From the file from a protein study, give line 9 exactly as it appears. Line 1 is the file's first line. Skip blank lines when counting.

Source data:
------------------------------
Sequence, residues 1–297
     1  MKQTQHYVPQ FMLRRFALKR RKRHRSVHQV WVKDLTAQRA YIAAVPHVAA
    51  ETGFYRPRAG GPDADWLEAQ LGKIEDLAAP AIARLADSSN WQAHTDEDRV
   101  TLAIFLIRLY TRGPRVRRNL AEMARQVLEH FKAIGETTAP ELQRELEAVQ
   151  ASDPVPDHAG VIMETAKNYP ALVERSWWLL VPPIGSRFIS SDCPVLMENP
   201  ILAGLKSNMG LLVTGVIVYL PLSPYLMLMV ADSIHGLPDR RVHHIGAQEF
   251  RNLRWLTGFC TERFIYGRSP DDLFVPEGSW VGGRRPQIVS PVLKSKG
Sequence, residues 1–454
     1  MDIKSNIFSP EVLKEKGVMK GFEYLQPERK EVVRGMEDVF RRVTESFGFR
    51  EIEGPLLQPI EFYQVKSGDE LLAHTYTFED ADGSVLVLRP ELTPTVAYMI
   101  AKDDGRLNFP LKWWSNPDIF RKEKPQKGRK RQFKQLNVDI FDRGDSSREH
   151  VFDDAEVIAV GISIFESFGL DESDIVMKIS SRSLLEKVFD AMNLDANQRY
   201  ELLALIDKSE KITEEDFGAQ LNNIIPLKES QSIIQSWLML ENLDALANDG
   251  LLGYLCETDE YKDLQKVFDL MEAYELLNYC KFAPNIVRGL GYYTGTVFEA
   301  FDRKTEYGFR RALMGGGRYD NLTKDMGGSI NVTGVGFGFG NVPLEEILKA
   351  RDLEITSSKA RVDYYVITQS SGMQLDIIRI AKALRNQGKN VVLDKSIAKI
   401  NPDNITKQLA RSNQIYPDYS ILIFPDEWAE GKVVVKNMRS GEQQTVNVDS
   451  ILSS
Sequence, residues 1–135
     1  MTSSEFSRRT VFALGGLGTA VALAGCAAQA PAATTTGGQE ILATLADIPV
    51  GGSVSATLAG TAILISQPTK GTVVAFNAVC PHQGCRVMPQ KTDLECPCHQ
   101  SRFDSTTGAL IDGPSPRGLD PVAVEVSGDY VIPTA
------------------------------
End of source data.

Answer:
     1  MDIKSNIFSP EVLKEKGVMK GFEYLQPERK EVVRGMEDVF RRVTESFGFR